Digital Health Science Digest – Issue 57
In this issue: a new wearable “bites” patients with diabetes to get blood glucose, new guidelines out for mobile health data monitoring, and more!
The Digital Health Science Digest is a bimonthly newsletter compiled by Duke Digital Health. We bring you the most interesting research publications, policy news, and other fun digital health science stuff.
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A new wearable helps diabetics test their blood glucose. Called the e-mosquito, it pushes a small needle beneath the skin to make contact with capillaries to directly measure blood glucose level.
Here are 15 use cases for virtual reality to promote health and wellness.
The UK’s National Health Service (NHS) has pioneered digital health integration. A company with whom the NHS works closely, Inhealthcare, just launched a new programming language for developing digital health interventions specifically for the NHS system.
A recently published article in the Journal of Health Politics, Policy, and Law, examines racial differences in obtaining health information via mobile devices in an effort to explore opportunities to reduce racial health disparities using mobile technology.
A systematic review and meta-analysis summarizes the best available evidence of the effectiveness of existing digital health interventions to help manage cancer-related fatigue. In short: they appear to be effective for managing fatigue; more research on large-scale efficacy is needed.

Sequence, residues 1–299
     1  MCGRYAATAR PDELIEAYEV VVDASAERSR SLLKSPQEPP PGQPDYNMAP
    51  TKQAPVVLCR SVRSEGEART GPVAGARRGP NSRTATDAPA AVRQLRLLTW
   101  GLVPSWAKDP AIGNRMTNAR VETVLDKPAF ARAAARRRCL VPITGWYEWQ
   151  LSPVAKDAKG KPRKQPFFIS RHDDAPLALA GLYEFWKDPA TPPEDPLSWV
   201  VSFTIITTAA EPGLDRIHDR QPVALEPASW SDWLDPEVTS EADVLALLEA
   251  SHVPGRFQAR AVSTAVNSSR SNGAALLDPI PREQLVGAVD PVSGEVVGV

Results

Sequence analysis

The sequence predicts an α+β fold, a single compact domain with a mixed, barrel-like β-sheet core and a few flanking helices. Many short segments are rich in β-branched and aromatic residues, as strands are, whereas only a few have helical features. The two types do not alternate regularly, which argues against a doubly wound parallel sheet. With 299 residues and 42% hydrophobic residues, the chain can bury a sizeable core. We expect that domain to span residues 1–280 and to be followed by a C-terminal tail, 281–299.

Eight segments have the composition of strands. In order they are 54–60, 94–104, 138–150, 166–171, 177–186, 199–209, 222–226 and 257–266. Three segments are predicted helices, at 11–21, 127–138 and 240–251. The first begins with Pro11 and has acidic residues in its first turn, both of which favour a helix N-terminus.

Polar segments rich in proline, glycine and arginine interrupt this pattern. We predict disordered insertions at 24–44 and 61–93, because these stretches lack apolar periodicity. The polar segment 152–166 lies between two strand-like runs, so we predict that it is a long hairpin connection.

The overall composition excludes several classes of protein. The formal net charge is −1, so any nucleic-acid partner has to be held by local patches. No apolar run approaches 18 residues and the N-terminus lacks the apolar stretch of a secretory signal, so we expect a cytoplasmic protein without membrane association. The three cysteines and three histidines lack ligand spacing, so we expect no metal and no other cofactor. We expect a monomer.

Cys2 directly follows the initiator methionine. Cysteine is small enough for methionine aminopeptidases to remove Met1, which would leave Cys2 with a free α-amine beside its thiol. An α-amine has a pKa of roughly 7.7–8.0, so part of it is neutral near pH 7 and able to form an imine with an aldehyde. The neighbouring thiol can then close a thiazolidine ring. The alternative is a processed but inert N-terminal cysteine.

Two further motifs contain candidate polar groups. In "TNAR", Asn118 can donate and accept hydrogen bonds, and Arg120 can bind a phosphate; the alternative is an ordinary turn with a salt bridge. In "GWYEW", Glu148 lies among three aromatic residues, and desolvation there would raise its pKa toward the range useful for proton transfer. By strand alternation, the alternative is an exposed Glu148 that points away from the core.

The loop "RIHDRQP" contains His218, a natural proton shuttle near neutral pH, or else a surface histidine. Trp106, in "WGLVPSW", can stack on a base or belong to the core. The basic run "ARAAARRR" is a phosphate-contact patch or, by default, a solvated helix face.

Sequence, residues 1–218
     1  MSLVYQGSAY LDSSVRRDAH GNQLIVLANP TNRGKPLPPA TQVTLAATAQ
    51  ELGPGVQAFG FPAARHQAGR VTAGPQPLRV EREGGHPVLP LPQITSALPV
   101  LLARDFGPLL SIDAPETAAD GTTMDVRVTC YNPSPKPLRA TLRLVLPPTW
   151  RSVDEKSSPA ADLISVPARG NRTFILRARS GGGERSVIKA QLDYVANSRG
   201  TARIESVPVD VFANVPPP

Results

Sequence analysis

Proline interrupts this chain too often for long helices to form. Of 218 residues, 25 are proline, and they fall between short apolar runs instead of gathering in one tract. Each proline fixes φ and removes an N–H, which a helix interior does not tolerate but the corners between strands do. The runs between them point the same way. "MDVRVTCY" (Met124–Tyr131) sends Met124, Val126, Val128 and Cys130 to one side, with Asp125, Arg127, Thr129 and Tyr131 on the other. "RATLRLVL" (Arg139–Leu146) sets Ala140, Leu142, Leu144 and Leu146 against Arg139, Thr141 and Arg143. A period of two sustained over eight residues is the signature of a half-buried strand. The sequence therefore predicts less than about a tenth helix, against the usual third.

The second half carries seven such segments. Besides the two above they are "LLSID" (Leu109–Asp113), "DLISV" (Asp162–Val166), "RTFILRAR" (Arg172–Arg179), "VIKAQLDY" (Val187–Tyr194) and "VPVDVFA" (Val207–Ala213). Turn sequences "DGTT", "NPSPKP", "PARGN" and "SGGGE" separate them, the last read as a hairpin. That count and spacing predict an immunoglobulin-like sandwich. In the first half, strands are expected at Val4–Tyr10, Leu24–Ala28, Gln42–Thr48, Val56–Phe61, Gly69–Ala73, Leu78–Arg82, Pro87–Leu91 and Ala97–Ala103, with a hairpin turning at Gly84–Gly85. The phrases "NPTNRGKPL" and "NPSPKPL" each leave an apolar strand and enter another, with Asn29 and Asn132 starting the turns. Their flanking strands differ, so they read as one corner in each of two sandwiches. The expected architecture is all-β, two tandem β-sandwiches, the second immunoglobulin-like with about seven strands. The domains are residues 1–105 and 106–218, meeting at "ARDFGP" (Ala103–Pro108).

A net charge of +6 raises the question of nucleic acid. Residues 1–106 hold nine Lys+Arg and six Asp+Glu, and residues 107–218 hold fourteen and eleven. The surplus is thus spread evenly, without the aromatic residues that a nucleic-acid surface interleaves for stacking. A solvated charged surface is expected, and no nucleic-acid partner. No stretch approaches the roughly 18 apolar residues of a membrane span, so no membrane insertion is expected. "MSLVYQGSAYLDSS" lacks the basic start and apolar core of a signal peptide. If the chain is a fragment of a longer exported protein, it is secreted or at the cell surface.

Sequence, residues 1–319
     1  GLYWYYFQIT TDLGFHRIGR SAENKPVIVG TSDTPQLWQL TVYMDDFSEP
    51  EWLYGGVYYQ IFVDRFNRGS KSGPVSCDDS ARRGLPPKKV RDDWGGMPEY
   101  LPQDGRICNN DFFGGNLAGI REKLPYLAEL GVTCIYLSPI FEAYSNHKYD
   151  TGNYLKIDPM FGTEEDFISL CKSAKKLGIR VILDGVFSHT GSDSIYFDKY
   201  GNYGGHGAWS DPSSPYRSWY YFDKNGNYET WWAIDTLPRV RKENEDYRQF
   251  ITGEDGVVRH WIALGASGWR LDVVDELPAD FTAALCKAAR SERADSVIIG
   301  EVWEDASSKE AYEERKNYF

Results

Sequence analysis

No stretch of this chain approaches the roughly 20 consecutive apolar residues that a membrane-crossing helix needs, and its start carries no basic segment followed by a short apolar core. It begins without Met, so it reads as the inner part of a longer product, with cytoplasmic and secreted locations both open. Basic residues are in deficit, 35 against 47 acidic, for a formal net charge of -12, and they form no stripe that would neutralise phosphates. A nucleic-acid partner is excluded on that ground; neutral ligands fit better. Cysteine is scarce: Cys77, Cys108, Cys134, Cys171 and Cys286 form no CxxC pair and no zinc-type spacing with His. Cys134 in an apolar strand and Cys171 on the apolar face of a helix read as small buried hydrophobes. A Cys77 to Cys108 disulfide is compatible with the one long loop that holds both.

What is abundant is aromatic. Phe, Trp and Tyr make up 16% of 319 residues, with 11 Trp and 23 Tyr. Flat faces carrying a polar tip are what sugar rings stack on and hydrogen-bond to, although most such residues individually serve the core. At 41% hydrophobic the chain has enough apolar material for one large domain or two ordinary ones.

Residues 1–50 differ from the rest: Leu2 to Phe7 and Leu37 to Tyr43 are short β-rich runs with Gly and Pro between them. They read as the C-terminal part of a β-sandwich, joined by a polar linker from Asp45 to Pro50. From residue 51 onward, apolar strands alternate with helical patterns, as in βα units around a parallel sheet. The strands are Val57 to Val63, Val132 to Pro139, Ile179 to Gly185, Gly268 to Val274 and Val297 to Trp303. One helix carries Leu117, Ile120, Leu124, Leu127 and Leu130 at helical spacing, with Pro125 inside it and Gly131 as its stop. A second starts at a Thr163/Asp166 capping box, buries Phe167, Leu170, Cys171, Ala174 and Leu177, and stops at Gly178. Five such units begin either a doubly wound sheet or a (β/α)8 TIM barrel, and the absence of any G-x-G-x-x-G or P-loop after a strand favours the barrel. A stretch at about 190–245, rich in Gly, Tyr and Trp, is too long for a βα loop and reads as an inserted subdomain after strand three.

As The Clinical Trials Transformation Initiative (CTTI) released new guidelines on mobile-derived novel endpoints last week. The organization, a public-private partnership between pharmaceutical companies, academia, and the FDA and other regulatory agencies, hopes that these guidelines will, “help [researchers and clinicians] choose valuable outcomes measures when designing trials.”
A collaborative agreement between the US Air Force Medical Operations Agency and the VA will provide 5 Air Force treatment facilities across the Midwest with access to the VA’s Tele-ICU capabilities. The agreement will provide Air Force service members and their families with access to doctors and critical care nurses who can prescribe medications, order tests, and diagnose, all via audio and video.
The Duke Institute for Health Innovation (DIHI) is organizing the 3rd Innovation Jam. All faculty, staff, trainees, and students are encouraged to apply. This year’s focus will be on ideas that are close to translation into market and/or commercialization, such as:
1) Innovative devices
2) Novel use of analytics
3) Digital health/mHealth
More information and application here!
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